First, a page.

Agri Business

Palm industry adopts sustainability standards

Our Bureau Bengaluru | Updated on December 12, 2019

Stakeholders of the domestic palm oil sector have started adopting sustainability standards — the Indian Palm Oil Sustainability (IPOS) Framework — on a voluntary basis.

Godrej Agrovet Ltd became the first company in India to cover about 2,000 small holder palm oil suppliers under the IPOS certification by Control Union, said the Solvent Extractors Association (SEA) of India, the apex trade body, in a statement. The IPOS Framework has been jointly developed by the SEA, Solidaridad and the Indian Institute of Oil Palm Research.

Oil palm is grown in about 3.49 lakh hectares in India, while the potential exists in about 1.93 million hectares as of October 2019. The current crude palm oil production is estimated at 2.8 lakh tonnes.

“Edible oils are a big drain on foreign exchange with India being one of the biggest net importers and 60 per cent of total oil imports is palm oil. Also, with larger emphasis given on increasing the income of farmers, this framework will help. India’s North-East offers great potential for oil palm plantation with nearly 2,80,000 hectares land suitable for oil palm. Currently, only 30,000 hectares is in oil palm plantation. This framework will assist the Central government to encourage oil palm plantation in North-East under various schemes,” said SEA President Atul Chaturvedi.

Shatadru Chattopadhayay, Managing Director of Solidaridad Asia, said the IPOS framework was created by the Indian palm oil industry, for the Indian palm oil industry and owned by Indian palm oil stakeholders. “The IPOS programme would facilitate the Indian palm oil industry to be ready for facing future customer demands, safeguard the competitiveness, improve relationships and loyalty in the supply chain within and outside the country and position India as one of the global leaders in sustainable production and trade in palm oil,” he said.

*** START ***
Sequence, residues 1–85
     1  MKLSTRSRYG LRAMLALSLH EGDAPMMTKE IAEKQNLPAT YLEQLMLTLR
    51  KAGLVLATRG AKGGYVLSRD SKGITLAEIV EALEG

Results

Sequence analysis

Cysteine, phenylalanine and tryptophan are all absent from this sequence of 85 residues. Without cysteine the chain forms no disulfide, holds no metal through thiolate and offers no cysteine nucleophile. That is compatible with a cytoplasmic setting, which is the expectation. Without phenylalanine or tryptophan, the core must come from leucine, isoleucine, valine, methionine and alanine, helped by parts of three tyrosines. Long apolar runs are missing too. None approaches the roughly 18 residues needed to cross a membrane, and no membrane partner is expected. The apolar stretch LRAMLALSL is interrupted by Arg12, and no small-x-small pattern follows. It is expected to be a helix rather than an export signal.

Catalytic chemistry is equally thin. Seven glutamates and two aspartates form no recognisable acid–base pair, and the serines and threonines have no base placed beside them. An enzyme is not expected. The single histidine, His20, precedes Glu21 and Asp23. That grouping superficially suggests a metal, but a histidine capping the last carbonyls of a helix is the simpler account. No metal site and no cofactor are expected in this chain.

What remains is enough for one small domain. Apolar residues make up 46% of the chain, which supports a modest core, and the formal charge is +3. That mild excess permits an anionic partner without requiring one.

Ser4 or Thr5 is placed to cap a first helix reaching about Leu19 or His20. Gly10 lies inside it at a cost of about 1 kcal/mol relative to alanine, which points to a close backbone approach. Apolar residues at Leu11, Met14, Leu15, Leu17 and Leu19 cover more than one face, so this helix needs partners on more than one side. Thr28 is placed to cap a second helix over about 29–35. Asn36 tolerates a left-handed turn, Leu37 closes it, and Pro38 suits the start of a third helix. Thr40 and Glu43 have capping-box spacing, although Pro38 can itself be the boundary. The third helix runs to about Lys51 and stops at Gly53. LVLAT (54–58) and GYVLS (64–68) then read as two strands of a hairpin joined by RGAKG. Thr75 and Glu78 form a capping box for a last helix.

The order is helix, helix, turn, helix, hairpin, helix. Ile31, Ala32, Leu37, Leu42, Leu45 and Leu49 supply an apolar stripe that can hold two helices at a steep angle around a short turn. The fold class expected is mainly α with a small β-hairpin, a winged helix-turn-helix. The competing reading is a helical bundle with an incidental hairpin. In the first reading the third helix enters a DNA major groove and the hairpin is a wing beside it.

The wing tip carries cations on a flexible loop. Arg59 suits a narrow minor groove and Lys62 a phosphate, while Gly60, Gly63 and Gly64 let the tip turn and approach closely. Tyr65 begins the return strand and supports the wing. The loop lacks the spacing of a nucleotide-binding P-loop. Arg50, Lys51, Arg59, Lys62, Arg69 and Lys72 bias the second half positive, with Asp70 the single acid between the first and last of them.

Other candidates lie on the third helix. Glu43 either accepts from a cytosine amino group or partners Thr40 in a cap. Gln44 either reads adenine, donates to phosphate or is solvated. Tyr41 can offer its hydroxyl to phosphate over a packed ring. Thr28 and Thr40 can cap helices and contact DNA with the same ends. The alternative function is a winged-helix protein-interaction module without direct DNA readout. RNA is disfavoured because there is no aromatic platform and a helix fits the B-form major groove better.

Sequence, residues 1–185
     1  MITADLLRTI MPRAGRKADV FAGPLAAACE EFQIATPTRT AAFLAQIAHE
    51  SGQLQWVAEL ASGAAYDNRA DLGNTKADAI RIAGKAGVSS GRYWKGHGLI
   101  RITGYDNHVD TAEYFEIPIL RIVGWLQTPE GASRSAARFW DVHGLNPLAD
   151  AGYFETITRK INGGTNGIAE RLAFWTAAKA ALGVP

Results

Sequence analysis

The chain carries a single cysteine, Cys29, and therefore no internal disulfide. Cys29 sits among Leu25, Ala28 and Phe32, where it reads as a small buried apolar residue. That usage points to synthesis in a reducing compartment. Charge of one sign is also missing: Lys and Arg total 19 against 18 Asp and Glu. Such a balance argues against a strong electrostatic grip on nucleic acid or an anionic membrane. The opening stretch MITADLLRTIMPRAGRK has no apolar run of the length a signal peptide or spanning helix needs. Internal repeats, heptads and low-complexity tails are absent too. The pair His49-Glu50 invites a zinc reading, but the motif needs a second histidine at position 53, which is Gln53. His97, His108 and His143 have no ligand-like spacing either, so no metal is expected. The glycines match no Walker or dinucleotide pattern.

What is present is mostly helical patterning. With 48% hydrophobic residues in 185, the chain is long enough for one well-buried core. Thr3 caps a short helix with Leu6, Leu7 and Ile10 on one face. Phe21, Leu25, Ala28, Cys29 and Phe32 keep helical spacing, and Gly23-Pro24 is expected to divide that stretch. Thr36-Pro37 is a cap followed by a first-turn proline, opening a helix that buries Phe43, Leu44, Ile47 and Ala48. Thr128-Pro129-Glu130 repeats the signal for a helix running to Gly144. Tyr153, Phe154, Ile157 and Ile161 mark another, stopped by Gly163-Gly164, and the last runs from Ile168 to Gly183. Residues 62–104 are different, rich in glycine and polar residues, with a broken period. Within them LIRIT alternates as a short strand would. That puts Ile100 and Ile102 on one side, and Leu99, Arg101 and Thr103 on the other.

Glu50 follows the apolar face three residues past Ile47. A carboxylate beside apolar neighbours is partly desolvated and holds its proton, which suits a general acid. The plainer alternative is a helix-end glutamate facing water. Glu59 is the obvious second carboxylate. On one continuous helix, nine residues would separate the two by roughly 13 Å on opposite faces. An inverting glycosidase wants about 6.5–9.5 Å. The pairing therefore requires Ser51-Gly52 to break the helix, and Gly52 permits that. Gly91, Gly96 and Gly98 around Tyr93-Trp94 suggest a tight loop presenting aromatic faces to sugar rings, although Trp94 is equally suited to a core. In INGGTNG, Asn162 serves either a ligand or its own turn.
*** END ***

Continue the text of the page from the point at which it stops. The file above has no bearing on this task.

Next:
BV Mehta, Executive Director, SEA, said oil palm was the most efficient oil crop in terms of land use. The crop has become an increasingly important driver of economic development, improved food security and poverty reduction in various countries. “India is the world’s largest consumer of palm oil. Framework and guidelines based on Indian conditions and ground realities are needed to address different aspects of sustainability in production and trade of palm oil. The IPOS framework has the potential to address key sustainability concerns and barriers, while fulfilling the commitment of Indian palm oil industry towards sustainability,” Mehta said.

The IPOS standard was recently recognised by the Indonesian and Malaysian Palm Oil Board through an agreement with SEA and Solidaridad. The agreement recognises IPOS as India’s national sustainability framework for palm oil and considers it equivalent to Indonesian and Malaysian national sustainability standards for palm oil production and trade between the Asian countries.

Published on December 12, 2019

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